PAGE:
“Being a majorette helps so much with my conditioning,” she says. “People have no idea how physically demanding marching is. It helps a lot with my cardio.”

Reese can also talk history, and as a history nut myself, it was difficult to stick to wrestling when we spoke. Suffice to say next time I see her at a show, it’s just as likely I’ll strike up a conversation about the new Netflix movie Operation: Mincemeat with her as talk shop about wrestling.

Reese has the drive to succeed in pro wrestling. She’s also got a trainer who has her back and has laid a solid foundation for her. I’m glad our paths crossed last week, and I’m excited to see where she goes in the years to come.

You can follow Reese on Twitter and Instagram!

Posted on

Girl Fight Gets Royal Approval

It’s been an exciting week for me. I finally had the chance to meet my long time friend and colleague Tamaya Greenlee, and I got to spend time in person with Princess Victoria, Vicki Otis. The two of us wrote her book solely by remote, and Tuesday night’s Girl Fight show in Jeffersonville, Indiana, gave us the chance to finally hang out in person.

Girl Fight made its long-anticipated return to home base with a bang. The seven match card delivered plenty of action from start to finish, and it was great seeing some of my long-time favorites including Charlie Kruel, Ella, and Big Mama. It was also wickedly fun to see long-time fan fave and current champion Billie Starkz play a little heel in her victory over Rachel Armstrong.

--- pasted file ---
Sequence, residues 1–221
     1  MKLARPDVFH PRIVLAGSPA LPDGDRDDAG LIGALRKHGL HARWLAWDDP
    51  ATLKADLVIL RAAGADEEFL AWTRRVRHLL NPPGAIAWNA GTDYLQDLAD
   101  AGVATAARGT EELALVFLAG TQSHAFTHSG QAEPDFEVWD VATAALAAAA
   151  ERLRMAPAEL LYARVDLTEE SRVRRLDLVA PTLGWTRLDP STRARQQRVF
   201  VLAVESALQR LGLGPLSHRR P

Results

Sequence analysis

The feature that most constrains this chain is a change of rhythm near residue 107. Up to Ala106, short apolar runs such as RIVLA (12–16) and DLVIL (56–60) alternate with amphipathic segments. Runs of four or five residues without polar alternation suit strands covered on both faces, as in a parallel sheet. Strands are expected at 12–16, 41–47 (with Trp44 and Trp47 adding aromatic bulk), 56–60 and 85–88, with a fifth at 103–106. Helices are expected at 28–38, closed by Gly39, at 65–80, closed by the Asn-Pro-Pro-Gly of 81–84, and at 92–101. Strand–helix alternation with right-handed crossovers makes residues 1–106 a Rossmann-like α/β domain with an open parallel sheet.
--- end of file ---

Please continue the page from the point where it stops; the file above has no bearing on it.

Some new faces proved to be show stealers, and Sawyer Wreck was right at the top of that list. The tall Florida girl made an impression simply by the way she took the ring. Her bout with Big Boss Anika was largely played for comedy,  but everything about her work made her look like a future mega star.

Props have to go to Anika as well. The pair looked like a mismatch with Wreck dwarfing the Russian big mouth, but Anika played her role to perfection. I really look forward to seeing more from both ladies.

Mickie Knuckles and Masha Slamovich delivered a No DQ match that was everything you wanted it to be – at least in the Arena, where blood is a no-no. I’ve often said of The Rejects (John Wayne Murdoch and Reed Bentley) that their work looks more like a fight than sports entertainment, and that’s a great way to describe Mickie vs. Masha. The slaps, the strikes, and the hits were very real. Masha’s constant ranting in Russian paired nicely with Mickie’s “I don’t know what the —- you’re saying!” banter.

Mickie even brought Princess Victoria into the action, attempting to slingshot Masha into the Princess’s extended foot. Masha reversed the move, and Mickie ate the foot, taking out my sales banner in the process.

“She really hit me!” The Princess said over her shoulder. “I like her!”

Yes, happy to say, the Princess was enchanted by the entire Girl Fight crew. She happened to come on a night the promotion had long dreamed about; the wrestlers, referees, ring announcer, and commentary team were all ladies for the first time ever. The Princess loved it, and she loved each and every one of the girls.